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Captain Christopher Boone
Late The Blues and Royals
by Colonel Hamon Massey
formerly The Blues and Royals

Christopher Henry Boone was born on 20th November 1947, the eldest of four children, at West Acre, near King’s Lynn, Norfolk.  It was an idyllic if somewhat wild childhood while his father lived the life of a hobby farmer having retired from the City.  He grew up to be a very fine shot no doubt thanks to early archery practice which included shooting Sir William Fellowes in the backside with an arrow. 

Educated at Eton, his major claim to fame was his place in the Eight and he rowed at Henley in 1965.  He was immensely strong physically and his contemporaries named him the engine room of the Eight, something of which he was rather proud.

Chris was commissioned into The Royal Dragoons in 1967 and joined them in Germany in early 1968 where he became an armoured troop leader on Chieftain tanks.  A year later The Royals amalgamated with the Blues.  There was nothing small about him or anything he did, and it was at about this time he became known as Enoob when his troop painted Enoob’s Bucket on his oversize coffee mug.  He loved fiddling about with things and making them work and was soon sent off to become an instructor in the driving and maintenance of Chieftains.  He was very good at mechanical things which didn’t necessarily always work!  Later he became an instructor in Guided Weapons which no doubt fuelled his fascination with drones and other gadgets.  I recall his chagrin at losing one after sending it off down the line of the River Nar at tree top level on a search for anyone who was up to no good. ‘I’m sure I programmed it right….!’

He had a good brain which he applied to anything that interested him and he was soon made the Reconnaissance Troop Leader, a job normally given to the young officer with the most enquiring mind who was able to think fast and out of the box.  It was thanks to these qualities that Chris was able to lead C Squadron to attack the opposition from behind their defensive position on a divisional exercise. Those who were there said it was a marvellous sight to see the back ends of the opposition’s tanks with their guns facing the wrong way! 

In 1971 he was sent with A Squadron to Northern Ireland.  At the time, A Squadron was the Allied Command Europe (ACE) Mobile Force Reconnaissance Squadron, and the force was principally responsible for the defence of NATO’s northern and southern flanks.  The Squadron spent six weeks each winter on arctic warfare training in Norway with them, four months in the spring and summer in Ferret scout cars in Northern Ireland, and the autumn on exercise in the south of the NATO area such as Greece.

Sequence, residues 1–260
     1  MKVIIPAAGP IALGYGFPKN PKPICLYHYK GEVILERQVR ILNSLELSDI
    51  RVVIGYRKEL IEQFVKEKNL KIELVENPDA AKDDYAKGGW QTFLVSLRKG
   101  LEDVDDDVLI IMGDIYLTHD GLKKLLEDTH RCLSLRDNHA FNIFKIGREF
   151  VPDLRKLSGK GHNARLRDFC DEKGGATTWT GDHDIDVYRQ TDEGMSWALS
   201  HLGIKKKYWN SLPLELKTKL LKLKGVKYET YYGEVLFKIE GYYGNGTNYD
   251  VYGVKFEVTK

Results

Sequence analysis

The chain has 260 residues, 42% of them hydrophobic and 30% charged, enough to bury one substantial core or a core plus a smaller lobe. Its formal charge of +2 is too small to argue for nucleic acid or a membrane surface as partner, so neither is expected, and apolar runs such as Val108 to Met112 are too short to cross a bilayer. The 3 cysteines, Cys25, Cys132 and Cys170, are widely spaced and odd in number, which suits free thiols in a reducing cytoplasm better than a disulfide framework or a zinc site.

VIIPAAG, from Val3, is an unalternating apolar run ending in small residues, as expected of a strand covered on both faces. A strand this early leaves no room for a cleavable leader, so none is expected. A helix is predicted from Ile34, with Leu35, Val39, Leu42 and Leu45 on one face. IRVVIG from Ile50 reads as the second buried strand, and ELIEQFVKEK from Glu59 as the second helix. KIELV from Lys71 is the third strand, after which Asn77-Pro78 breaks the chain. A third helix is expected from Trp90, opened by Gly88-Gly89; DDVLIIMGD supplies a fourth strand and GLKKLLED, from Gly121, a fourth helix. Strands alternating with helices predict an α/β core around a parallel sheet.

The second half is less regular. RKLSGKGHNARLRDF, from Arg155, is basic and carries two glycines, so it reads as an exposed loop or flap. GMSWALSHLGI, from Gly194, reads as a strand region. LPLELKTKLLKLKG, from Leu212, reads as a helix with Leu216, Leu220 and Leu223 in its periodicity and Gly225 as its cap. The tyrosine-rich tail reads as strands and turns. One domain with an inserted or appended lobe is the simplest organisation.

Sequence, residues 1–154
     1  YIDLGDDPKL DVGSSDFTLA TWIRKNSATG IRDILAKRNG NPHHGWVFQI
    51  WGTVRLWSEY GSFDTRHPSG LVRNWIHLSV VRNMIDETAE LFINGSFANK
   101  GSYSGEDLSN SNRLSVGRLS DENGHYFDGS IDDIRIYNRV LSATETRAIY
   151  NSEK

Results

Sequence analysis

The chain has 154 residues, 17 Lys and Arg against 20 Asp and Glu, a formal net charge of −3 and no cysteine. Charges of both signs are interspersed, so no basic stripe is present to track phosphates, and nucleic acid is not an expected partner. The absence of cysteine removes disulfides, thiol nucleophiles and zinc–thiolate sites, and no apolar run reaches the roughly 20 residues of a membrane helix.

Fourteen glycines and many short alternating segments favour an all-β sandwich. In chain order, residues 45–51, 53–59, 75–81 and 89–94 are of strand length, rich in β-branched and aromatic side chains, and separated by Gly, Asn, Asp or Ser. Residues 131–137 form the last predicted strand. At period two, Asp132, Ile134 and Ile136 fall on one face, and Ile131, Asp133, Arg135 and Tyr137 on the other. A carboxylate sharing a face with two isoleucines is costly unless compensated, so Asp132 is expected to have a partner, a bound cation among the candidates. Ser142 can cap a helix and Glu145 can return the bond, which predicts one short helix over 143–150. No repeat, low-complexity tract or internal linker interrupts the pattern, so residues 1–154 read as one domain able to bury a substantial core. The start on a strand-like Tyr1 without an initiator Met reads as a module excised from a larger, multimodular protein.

In 1973 he was posted to the Household Cavalry Mounted Regiment as a troop leader, later becoming Adjutant in 1976 when the Commanding Officer was Lieutenant Colonel Trevor Morris RHG/D.  It was in April 1976 that he married Poppet Duckworth.  He was Adjutant for 18 months encompassing The Queen’s Silver Jubilee Year in which among other things he administered the sending of horses and men to furnish escorts in Edinburgh, Glasgow and Cardiff.   He was a strong horseman and rode successfully in Regimental cross-country events and other mounted competitions.  He loved his winter training in Leicestershire and the Regiment always ensured that there were some very large black horses at Melton.  In April 1978 he retired, despite having been recommended to go to the Staff College which happened in those days to the top 25% of officers in the Army; but he wanted to farm and his son, Toby, was about to be born, so he retired.  Later a daughter, Emma, was born.  He was immensely proud of his family, passionately interested in the triumphs of his children and latterly of his two granddaughters, Daisy and Flora.

After retirement he took over the farm from his father and built up a successful marquee hire company.  He also developed a highly successful mole-catching business and despatched his traps with accompanying DVD instructions all over the world.  On one occasion he was asked by The Duke of Edinburgh to go and deal with the moles at Sandringham.

He was a central part of West Norfolk society, and was the brains behind the ‘Tennis Net’, a website for organising tennis games for the more mature men of West Norfolk, as well as being the IT adviser to most of Norfolk’s female society.  He had many other attributes and lived life to the full.  He was an expert downhill skier, an extreme windsurfer, falconer, great reader, fascinated by history, a countryman with great interest in and knowledge of wildlife, birds in particular.  He was a fine and accurate fisherman, and inventor of many extraordinary contraptions around the house and farm.  He was constantly making things up in wood and bolts and string, things of which Heath Robinson would have been proud! 

In the end it was his humanity, his selflessness, his sense of humour and his sense of honour for which we will all remember him.  He had been ill for over ten years, something he bore bravely, pragmatically and indomitably. He was delighted to have reached the age of 70, which he had not expected, and he was thrilled to be taken to New Zealand by Toby at the start of 2018 in celebration.  Everybody loved him.  He was in every sense that I understand a gentleman, and the best and truest friend that I suspect many of his friends ever had.  So with apologies to Sir John Betjeman,

Spirits of well-shot woodcock, partridge, snipe and pheasant
Flutter - and bear him up the Norfolk sky

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